To Improve Your Life and the World, Treat the Communities You Live In As Permanent
February 5th, 2020
Although I was born in Mountain View, California, I've never seen the bay area as my home. The longest that I've lived in one house was four years. As a result, I have always viewed the homes that I have lived in as nothing more than temporary housing.
Many of you reading this might find this hard to relate to, but in reality, we're not so different. Many budding college matriculants find themselves moving to a new town for college. Some may move not so far from home, like those whose families live in Troy and attend university in Ann Arbor. Others may move further, such as from Portland, Oregon to Ann Arbor. Then, some move across the world, such as from the Guangzhou province. These people–and most likely you too–will treat these moves as just transient habitation.
Before yesterday, I've never felt as if I moved to Ann Arbor because I treated my stay in Ann Arbor as temporary. How could I not? I was only going to be there for two years of college! I was physically there, but my heart wasn't. If you've been to my house on East William St. you'll know what I mean. Instead of a coffee table that one can purchase on Amazon for as cheap as $10 that can be shipped directly to your house, we taped a large cardboard box shut, and have been using that as our coffee table for over 5 months. The reasoning was, "If I'm only going to be living in this house for at most 9 months, why bother?"
As a result of a seemingly normal day but a new profound change in perspective, I've realized just how much of an impact treating temporary housing as your permanent home can be.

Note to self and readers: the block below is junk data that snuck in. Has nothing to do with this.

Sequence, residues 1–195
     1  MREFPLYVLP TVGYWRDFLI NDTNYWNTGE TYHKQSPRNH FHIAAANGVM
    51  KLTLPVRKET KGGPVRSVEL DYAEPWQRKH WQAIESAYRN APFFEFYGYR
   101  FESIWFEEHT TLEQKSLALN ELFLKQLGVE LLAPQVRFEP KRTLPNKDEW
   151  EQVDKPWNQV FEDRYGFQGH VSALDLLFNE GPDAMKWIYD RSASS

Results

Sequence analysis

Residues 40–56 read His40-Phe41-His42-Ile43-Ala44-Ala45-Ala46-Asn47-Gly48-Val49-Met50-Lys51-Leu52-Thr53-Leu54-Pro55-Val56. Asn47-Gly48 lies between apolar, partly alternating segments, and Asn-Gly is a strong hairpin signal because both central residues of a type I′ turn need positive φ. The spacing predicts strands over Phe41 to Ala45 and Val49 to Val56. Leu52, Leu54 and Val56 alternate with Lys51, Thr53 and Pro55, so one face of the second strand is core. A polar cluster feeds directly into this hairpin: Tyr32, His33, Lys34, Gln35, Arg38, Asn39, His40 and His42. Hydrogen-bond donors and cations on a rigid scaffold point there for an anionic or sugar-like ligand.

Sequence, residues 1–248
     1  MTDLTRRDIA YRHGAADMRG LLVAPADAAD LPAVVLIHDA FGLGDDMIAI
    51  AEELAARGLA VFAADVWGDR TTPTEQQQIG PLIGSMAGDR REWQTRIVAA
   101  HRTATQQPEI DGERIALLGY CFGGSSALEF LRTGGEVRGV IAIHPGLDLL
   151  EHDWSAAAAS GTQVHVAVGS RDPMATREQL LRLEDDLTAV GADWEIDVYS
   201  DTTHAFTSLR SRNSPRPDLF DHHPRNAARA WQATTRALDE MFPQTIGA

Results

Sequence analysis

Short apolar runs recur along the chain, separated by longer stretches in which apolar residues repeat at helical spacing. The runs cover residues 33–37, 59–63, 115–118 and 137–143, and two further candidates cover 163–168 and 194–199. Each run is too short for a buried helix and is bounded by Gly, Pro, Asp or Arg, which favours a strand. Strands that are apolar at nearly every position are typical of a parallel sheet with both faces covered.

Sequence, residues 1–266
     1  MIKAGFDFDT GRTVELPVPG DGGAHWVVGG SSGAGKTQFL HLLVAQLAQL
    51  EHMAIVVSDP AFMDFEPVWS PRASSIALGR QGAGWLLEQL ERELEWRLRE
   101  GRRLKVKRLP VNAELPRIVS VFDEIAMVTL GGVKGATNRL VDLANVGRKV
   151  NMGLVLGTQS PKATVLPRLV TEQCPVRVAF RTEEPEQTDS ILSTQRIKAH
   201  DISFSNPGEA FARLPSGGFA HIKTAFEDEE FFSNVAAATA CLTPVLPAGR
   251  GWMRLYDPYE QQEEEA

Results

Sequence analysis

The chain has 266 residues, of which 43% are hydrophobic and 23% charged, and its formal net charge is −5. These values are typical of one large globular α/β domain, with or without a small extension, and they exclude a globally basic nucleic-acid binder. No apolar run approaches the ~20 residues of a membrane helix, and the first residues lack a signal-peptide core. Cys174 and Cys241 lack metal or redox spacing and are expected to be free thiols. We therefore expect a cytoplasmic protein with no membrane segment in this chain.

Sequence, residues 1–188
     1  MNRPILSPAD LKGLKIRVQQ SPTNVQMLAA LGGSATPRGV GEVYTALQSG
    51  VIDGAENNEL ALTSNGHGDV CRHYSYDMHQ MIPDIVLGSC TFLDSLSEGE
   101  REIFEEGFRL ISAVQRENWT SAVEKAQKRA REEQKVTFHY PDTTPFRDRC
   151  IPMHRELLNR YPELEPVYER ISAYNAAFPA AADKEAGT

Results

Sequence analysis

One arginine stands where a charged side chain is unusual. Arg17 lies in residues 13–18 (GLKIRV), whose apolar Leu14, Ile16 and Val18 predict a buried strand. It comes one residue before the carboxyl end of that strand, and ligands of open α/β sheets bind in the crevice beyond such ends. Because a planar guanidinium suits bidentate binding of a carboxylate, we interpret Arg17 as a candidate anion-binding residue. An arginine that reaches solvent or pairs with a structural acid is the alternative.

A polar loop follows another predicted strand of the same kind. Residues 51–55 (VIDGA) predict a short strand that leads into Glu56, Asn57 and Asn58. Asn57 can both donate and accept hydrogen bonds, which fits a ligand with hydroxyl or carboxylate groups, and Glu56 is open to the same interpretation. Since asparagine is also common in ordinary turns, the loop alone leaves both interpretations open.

It was a rare sunny afternoon on Sunday, the day of the LIV Super Bowl, with the San Francisco 49ers playing the Kansas City Chiefs. Mind you, this was the first sunny day we've had in what seemed like weeks. It was 45 degrees Fahrenheit, the perfect temperature for a run. As I walked down East William street towards the University of Michigan campus Diag, I stopped in my tracks as I heard a loud crunching sound. I was halfway across the crosswalk on the right side of the street when I turned my head to try and locate where the sound was coming from. I saw some boxes flying across the street and what looked like a white blob in the direct center of the intersection of the two roads. Had this been any other day, I would have ignored the commotion and moved on with my day. But not today. Today was different.
I raised my hand to signal a halting motion to a gray Hyundai SUV stopped directly across from me and walked closer to the center of the intersection to investigate the cause. I saw a gallon bucket of Hellman's mayo squashed open, with the lid gone and remnants of mayo gushing out of both ends of the bucket. I picked it up, walked to the nearest recycling bin and set it next to it. I looked to see if there was anything else left on the road and saw a middle-eastern looking guy walking next to a blonde girl with two cardboard boxes in his hands. I waved to him, yelled "thank you" from across the intersection and continued walking down the sidewalk. Up until today, it never crossed my mind that Ann Arbor was my home. Somehow, in those few seconds that this event took place, I had realized that if Ann Arbor were my home, I wouldn't want trash on my streets. Just like picking up trash from your living room, I was merely taking care of my home.